The Blu-ray: Vital Disc Stats
Image Entertainment brings 'Space Junk 3D' to Blu-ray 3D on a Region Free, BD25 disc inside a clear, eco-elite keepcase. A 2D version of the film is included on the same disc and available in the main menu. At startup, the disc goes directly to a 3D menu screen with options along the bottom, full-motion clips in a smaller screen in the center and music.
A mix of computer-generated animation makes up the bulk of this terrifically impressive 1080p/MVC MPEG-4 encode. Satellites, crash debris, and remnants of rockets orbiting Earth hover across the 1.78:1 frame and appear as if floating in the middle of the living room. When other pieces of junk and moving objects crash into one another, the fragments fly towards the audience, tempting viewers to swap at the air. The tops of rockets pierce the screen with realism, creating some of the coolest 3D gimmick shots around. Live action photography also comes with stunning dimensionality and spatial distance, especially scenes of Meteor Crater in Arizona where the other end of the crater penetrates deep into the far back of the screen.
The rest of the high-def video comes with intensely brilliant contrast levels, allowing for excellent visibility of background activity while still maintaining crisp, clean whites throughout. Details are razor-sharp with distinct fine lines in the little vegetation available in the desert and in the facial complexions of the few people on screen. The tiniest pebble and rock on the ground is plain and lifelike while in the CG visuals, every crevice, panel and the smallest piece of debris is very well-defined and discrete. The color palette is accurately rendered with bold saturation in the primaries. Blacks are rich and true with strong shadow delineation. Sadly, the one thing holding this back from perfection is the constant and pesky presence of aliasing, causing a plainly visible case of stair-stepping in several sequences.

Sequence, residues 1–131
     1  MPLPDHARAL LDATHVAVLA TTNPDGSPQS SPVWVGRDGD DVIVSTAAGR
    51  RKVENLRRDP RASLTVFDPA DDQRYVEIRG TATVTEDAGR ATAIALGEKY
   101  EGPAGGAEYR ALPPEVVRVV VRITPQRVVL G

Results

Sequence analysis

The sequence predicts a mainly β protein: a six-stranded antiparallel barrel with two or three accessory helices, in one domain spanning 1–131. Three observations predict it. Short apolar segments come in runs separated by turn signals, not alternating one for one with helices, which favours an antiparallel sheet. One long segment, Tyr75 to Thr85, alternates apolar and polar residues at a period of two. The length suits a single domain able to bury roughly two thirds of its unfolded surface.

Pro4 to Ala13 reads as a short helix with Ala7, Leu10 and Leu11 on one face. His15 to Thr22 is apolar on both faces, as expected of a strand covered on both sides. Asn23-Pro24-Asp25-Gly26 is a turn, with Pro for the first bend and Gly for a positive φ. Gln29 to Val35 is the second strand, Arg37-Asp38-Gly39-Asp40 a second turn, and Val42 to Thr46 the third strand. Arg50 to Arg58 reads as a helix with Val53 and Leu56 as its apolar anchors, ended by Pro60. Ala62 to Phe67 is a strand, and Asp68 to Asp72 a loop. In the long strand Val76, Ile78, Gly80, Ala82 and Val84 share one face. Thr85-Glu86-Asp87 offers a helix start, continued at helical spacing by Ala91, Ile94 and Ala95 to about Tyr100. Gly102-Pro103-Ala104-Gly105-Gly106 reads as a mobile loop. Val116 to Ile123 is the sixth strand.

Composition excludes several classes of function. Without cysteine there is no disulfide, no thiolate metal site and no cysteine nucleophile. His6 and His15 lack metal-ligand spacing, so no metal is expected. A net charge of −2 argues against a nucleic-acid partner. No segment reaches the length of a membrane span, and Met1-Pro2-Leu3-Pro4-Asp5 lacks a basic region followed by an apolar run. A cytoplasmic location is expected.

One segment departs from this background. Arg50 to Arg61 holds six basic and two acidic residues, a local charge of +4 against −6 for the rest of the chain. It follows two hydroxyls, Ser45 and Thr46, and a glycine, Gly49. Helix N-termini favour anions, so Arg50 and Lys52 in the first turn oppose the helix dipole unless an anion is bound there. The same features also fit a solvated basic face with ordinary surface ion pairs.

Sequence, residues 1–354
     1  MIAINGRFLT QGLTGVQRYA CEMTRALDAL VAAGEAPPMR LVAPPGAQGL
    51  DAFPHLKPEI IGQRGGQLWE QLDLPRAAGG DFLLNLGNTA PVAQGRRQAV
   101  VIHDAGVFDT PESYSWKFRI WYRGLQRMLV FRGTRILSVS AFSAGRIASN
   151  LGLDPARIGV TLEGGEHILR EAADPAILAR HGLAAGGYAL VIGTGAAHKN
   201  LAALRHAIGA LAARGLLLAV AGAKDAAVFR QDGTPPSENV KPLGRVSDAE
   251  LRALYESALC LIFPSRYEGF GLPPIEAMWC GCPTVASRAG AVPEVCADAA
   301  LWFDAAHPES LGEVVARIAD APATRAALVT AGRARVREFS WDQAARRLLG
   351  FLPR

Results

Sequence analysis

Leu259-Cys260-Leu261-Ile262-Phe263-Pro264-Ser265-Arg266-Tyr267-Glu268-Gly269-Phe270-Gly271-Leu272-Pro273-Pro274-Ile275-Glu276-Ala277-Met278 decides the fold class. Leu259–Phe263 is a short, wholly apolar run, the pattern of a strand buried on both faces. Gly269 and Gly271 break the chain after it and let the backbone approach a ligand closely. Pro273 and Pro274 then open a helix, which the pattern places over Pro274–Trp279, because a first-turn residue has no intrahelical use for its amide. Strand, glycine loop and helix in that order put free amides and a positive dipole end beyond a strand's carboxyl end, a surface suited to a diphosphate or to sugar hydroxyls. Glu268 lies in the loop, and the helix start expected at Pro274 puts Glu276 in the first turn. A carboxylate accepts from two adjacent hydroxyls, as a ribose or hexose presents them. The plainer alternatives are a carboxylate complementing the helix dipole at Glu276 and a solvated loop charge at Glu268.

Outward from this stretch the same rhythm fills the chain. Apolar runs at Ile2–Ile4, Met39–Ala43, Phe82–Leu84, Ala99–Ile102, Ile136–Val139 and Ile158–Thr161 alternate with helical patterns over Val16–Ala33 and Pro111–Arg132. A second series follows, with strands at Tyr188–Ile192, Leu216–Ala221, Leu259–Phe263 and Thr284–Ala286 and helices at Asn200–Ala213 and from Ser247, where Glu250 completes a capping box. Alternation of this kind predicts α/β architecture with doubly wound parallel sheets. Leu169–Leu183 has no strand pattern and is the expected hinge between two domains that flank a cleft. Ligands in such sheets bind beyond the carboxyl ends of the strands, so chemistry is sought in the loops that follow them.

The IMAX short documentary also arrives with a thoroughly enjoyable DTS-HD Master Audio soundtrack that on occasion immerses audiences with a sense of space junk floating all around. The rear speakers employ the sounds of satellites, voices and debris at various key points throughout with flawless panning that circle around the entire listening area, creating a very satisfying soundfield. Unfortunately, the remainder of the design is a front-heavy presentation where a welcoming soundstage delivers a clean, detailed mid-range with excellent fidelity and rich warmth. Low-bass is deep and impactful, providing a good deal of weight in various scenes. With exceptional channel separation and precise, well-prioritized vocals, the lossless mix is an awesome complement to the 3D video.
Another great IMAX short feature that brings attention to an interesting aspect of our planet, or as in the case of 'Space Junk,' the things outside our planet. Narrated by Tom Wilkinson, the documentary discusses the man-made garbage orbiting Earth, a concern of what to do with the ever-growing debris clouding our planet. The Blu-ray arrives with fantastic if slightly troubled 3D video, a great audio presentation, but a measly assortment of supplements. Nonetheless, IMAX fans and 3D enthusiasts will marvel at the third dimension and gladly add it to their collections.